THE CONTRIBUTION OF MICROFINANCE TO THE RESILIENCE STRATEGIES OF SMALLHOLDER TEA FARMERS IN BURUNDI
Microfinance services are of undeniable importance in the development of agriculture and in improving living standards in rural areas. However, their accessibility in developing countries is problematic. The objective of this article is to assess the contribution of microfinance to improve the living conditions of the population in rural areas of Burundi. An exploratory survey was conducted among 120 smallholder tea farmers in 2018 in two zones (Ijenda and Teza). These smallholder tea farmers are between 30 and 86 years old with a basic level of education. The results of the survey showed that the loans made it possible to carry out small projects and met some urgent needs. However, the level of indebtedness was low due to lack of collateral guarantee and the interest rate was relatively high. In addition, the information collected in Microfinance Institutions (MFIs) revealed a lack of support services within MFIs to enable optimal allocation of credits. To compensate for financial shortfalls, smallholder tea farmers are developing mechanisms for saving in kind and tontine systems with multiple socio-economic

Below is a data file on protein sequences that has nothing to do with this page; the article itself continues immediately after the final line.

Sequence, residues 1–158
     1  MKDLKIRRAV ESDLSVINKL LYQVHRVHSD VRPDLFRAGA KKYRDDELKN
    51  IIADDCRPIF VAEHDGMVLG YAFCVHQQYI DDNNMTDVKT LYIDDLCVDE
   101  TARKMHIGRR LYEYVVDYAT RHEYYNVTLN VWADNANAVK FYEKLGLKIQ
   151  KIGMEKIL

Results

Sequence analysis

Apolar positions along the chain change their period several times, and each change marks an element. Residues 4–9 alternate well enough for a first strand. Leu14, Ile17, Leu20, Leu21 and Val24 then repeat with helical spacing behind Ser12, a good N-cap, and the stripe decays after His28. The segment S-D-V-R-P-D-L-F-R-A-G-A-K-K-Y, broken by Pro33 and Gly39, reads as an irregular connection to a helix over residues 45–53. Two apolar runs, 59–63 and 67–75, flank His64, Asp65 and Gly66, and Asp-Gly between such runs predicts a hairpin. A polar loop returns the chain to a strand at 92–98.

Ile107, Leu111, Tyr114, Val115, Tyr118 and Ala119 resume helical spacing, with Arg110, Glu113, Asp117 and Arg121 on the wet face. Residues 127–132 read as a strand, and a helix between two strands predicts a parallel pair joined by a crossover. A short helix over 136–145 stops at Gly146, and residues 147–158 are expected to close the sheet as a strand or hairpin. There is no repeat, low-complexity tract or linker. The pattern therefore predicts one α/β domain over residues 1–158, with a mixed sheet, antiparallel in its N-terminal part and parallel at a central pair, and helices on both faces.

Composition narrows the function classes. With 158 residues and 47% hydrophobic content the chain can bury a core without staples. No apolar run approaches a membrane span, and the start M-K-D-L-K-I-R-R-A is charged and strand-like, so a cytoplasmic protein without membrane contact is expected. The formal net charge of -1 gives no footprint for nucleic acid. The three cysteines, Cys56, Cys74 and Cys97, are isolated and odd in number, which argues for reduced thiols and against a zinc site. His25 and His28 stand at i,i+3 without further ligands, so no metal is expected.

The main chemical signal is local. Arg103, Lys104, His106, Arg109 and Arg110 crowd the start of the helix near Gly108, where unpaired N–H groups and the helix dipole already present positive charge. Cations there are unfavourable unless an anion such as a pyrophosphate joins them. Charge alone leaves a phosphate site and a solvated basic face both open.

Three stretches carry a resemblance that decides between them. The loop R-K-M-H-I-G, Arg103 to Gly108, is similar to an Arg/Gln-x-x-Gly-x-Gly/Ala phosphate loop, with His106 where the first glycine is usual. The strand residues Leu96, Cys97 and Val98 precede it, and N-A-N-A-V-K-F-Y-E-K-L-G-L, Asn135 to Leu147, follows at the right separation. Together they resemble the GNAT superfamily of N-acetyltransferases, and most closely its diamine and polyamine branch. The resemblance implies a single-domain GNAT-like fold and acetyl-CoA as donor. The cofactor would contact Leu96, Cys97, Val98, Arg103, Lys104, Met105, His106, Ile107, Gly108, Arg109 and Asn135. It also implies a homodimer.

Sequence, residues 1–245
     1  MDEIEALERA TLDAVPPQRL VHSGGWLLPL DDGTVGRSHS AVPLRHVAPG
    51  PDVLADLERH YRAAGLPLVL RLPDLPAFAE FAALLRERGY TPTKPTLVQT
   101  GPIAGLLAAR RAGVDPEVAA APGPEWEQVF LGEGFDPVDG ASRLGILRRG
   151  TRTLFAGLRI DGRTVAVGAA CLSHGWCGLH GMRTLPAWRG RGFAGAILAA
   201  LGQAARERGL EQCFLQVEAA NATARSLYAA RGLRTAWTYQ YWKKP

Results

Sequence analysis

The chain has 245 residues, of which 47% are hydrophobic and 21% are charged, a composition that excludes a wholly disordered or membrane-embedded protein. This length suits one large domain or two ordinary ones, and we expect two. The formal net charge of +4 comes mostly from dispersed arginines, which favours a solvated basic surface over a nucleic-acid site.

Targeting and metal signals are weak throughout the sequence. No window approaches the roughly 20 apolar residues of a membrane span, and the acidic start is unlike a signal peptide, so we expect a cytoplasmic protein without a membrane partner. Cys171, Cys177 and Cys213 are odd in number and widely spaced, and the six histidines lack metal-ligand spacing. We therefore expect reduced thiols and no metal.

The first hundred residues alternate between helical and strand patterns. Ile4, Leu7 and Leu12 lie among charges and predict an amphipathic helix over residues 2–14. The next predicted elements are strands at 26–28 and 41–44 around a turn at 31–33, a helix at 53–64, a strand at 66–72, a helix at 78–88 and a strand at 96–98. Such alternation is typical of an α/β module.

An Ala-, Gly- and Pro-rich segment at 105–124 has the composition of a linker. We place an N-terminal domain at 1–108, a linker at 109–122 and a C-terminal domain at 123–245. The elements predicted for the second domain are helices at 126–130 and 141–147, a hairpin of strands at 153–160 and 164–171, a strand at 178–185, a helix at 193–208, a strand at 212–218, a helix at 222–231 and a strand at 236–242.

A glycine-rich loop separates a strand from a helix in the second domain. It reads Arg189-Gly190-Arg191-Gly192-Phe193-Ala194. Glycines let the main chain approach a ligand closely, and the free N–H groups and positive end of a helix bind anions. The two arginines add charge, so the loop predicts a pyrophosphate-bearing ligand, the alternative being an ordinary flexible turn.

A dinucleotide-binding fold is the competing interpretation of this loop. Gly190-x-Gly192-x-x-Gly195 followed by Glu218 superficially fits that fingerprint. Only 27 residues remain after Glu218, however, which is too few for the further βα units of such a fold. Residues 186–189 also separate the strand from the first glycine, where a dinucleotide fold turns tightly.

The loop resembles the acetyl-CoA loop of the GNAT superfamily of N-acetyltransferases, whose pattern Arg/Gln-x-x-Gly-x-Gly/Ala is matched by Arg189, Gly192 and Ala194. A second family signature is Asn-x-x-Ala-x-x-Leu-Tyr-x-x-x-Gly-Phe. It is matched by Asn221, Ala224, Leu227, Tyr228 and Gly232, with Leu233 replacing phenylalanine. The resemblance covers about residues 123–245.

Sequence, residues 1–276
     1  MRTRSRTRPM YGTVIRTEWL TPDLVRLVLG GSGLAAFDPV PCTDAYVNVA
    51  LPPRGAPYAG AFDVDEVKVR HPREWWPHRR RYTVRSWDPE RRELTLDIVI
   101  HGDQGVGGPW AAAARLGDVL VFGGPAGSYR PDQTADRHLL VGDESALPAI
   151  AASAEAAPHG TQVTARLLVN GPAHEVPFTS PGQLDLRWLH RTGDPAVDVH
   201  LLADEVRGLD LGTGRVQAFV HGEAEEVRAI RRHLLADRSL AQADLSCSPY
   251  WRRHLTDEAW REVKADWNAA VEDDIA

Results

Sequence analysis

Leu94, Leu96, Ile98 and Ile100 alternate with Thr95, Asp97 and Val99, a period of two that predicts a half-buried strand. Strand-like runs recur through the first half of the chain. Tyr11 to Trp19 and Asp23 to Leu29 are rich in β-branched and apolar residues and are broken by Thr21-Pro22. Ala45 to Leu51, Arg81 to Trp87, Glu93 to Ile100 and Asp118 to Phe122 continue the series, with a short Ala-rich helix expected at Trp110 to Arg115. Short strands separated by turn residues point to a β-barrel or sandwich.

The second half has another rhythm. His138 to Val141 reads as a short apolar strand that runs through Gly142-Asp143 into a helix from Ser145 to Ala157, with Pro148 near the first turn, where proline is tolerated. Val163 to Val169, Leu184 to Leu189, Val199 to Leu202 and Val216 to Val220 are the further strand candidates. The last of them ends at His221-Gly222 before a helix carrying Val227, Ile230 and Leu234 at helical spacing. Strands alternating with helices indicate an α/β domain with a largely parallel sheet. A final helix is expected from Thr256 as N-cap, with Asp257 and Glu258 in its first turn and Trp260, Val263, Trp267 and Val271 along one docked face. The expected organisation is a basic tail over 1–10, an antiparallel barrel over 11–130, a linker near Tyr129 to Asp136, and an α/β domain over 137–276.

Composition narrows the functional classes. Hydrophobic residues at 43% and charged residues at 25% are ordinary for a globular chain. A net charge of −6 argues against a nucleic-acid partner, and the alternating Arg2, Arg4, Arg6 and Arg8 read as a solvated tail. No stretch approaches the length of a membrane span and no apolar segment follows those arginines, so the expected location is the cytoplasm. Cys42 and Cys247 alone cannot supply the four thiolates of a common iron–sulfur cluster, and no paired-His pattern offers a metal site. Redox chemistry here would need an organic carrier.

roles built up. Credit beneficiaries in MFIs are increasingly losing interest in the MFIs credit systems in favour of tontines. In Ijenda zone, only 37.5% want to renew the credits against 41.4% in Teza zone.